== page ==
3. The Duke of Monroth is given more dimension in the Broadway musical.
As written by Luhrmann and co-screenwriter Craig Pearce, and played by Roxburgh in the film, the Duke of Monroth, to whom Zidler has promised Satine in exchange for his financial backing, is a sniveling ninny who, in his privileged societal position, has no truck with Christian's bohemian mantra of "truth, beauty, freedom, and love." The characterization of the Duke in John Logan's book, however, is more nuanced; Tam Mutu, who plays the Duke onstage, makes him a charismatic spokesperson for compromising artistic ideals in the face of financial realities. One may even find oneself rooting for Satine to end up with the practical-minded Duke instead of the idealistic Christian.
4. A rival performer at the Moulin Rouge doesn't betray Satine.
In the film, during a rehearsal scene for the planned "Spectacular Spectacular" at the Moulin Rouge, the jealous dancer Nini (Caroline O'Connor) whispers a comment into the Duke of Monroth's ear that tips him off to the affair Satine is having with Christian. Nini still appears in the musical (played onstage by Robyn Hurder), but instead of betraying Satine, she puts her envy aside to warn her about the Duke's controlling tendencies. The sense of sisterhood, even if it's just professional in nature, furthers the stage show's attempts to update the material for a more feminist age.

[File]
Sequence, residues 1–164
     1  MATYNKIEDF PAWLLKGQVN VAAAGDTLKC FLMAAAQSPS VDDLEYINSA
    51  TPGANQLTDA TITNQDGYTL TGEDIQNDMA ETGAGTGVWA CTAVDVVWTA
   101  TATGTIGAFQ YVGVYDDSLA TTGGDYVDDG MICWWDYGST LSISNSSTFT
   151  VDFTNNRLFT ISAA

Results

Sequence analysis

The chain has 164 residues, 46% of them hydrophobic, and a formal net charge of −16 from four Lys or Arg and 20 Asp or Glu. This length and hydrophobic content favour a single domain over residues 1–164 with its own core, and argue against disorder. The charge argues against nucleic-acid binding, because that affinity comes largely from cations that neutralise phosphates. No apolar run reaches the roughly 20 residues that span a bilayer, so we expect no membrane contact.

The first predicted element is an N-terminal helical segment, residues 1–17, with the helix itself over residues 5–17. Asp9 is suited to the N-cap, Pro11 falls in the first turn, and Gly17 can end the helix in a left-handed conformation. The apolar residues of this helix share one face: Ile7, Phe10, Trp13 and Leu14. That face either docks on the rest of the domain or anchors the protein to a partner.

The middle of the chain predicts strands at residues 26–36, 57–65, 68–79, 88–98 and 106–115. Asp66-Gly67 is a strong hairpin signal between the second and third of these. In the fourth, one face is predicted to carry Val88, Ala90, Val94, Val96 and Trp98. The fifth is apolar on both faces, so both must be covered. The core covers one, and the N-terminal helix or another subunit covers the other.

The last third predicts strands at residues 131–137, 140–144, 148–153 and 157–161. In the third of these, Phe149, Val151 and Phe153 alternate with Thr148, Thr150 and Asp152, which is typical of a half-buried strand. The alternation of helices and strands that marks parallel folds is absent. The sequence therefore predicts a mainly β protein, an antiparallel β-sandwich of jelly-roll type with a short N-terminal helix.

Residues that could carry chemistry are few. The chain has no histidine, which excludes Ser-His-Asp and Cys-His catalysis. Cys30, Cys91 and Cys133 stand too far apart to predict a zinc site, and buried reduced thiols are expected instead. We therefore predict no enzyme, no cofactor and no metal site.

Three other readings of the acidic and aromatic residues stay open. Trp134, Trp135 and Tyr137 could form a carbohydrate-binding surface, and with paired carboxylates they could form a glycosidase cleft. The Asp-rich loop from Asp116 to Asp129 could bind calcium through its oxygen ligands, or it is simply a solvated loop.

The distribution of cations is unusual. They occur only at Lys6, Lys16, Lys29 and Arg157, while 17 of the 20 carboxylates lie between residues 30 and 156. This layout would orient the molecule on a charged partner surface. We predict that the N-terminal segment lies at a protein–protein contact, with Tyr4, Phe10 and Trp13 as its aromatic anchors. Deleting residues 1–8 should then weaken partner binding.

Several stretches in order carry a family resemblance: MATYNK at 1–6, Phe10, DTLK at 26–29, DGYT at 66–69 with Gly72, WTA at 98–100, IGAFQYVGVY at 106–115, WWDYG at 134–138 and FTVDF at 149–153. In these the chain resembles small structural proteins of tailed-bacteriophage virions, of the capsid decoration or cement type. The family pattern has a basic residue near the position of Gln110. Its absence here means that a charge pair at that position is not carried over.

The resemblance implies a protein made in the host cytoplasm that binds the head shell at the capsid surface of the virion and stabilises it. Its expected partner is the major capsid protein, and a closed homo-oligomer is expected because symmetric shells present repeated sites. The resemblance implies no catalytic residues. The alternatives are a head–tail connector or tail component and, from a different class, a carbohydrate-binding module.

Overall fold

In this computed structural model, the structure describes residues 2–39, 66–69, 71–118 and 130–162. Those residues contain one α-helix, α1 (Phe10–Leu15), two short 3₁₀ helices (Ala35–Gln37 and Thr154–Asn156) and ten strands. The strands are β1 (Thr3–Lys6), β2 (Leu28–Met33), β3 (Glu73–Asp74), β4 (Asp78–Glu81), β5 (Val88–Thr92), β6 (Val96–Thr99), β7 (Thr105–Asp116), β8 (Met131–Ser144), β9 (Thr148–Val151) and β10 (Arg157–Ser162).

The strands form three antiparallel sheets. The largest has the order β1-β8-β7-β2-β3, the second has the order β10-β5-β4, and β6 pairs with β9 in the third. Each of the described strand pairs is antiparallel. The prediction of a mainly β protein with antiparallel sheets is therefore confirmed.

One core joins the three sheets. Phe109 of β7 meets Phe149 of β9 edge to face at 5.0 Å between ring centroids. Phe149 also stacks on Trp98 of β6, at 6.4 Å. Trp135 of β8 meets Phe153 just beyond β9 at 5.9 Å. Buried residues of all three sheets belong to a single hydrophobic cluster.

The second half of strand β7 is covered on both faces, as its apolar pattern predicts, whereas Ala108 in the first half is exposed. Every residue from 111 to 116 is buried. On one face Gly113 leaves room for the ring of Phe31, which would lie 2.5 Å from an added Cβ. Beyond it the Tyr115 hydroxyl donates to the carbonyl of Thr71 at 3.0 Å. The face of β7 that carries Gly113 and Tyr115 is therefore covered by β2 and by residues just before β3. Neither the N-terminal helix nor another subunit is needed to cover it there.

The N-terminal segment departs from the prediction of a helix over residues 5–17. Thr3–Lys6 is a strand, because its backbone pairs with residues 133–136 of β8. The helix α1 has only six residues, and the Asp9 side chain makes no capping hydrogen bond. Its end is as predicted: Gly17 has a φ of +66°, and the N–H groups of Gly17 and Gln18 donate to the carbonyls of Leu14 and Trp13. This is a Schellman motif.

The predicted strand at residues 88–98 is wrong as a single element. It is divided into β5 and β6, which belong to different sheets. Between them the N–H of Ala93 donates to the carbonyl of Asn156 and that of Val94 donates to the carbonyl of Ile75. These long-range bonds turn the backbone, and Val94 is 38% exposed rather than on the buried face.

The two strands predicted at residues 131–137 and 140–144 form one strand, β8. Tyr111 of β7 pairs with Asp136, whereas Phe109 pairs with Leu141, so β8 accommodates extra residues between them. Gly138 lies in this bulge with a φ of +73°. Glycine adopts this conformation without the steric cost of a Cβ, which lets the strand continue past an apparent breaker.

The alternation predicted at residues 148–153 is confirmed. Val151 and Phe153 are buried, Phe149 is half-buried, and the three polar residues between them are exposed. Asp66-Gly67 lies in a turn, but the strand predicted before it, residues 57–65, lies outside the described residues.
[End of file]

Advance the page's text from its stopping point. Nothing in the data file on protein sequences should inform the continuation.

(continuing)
5. The "Spectacular Spectacular" is no longer a lavish Bollywood-style blowout.
Speaking of trying to accommodate 2019 concerns, it was inevitable that the climactic "Spectacular Spectacular" (though never identified by that name onstage) of the musical wouldn't be a straight replication of that of the film. Set in India and concerning a plot-mirroring love triangle between a princess, a bohemian artist, and a maharajah, it's a spectacle built on a foundation of cultural appropriation. It has been replaced onstage by a more generic show-within-the-show. Its connection to the broader storyline, however, remains intact.
6. The film's hyperactive editing style is absent from Moulin Rouge! The Musical.
The most significant difference between the film and the stage show lies in the change of medium. Baz Luhrmann's penchant for maximalism in his direction of Moulin Rouge! manifests itself most noticeably in its frenetic editing style, even in dance sequences, where it might have benefited from Luhrmann backing off to allow viewers to appreciate the design and choreography. This approach is by no means everyone's cup of tea, and many over the years have been as turned off by the film's aggressive in-your-face desire to entertain as enchanted by it. Thankfully, by virtue of its artistic habitat, Moulin Rouge! The Musical is less bound to induce a headache — which is not to say that its director, Alex Timbers, doesn't find other ways to translate Luhrmann's operatic hyper-romanticism to the stage. Derek McLane's wondrous set design, in particular, invites us to bask in this world of idealized desires, dashed illusions, and feverish excess the moment we walk into the Al Hirschfeld Theatre.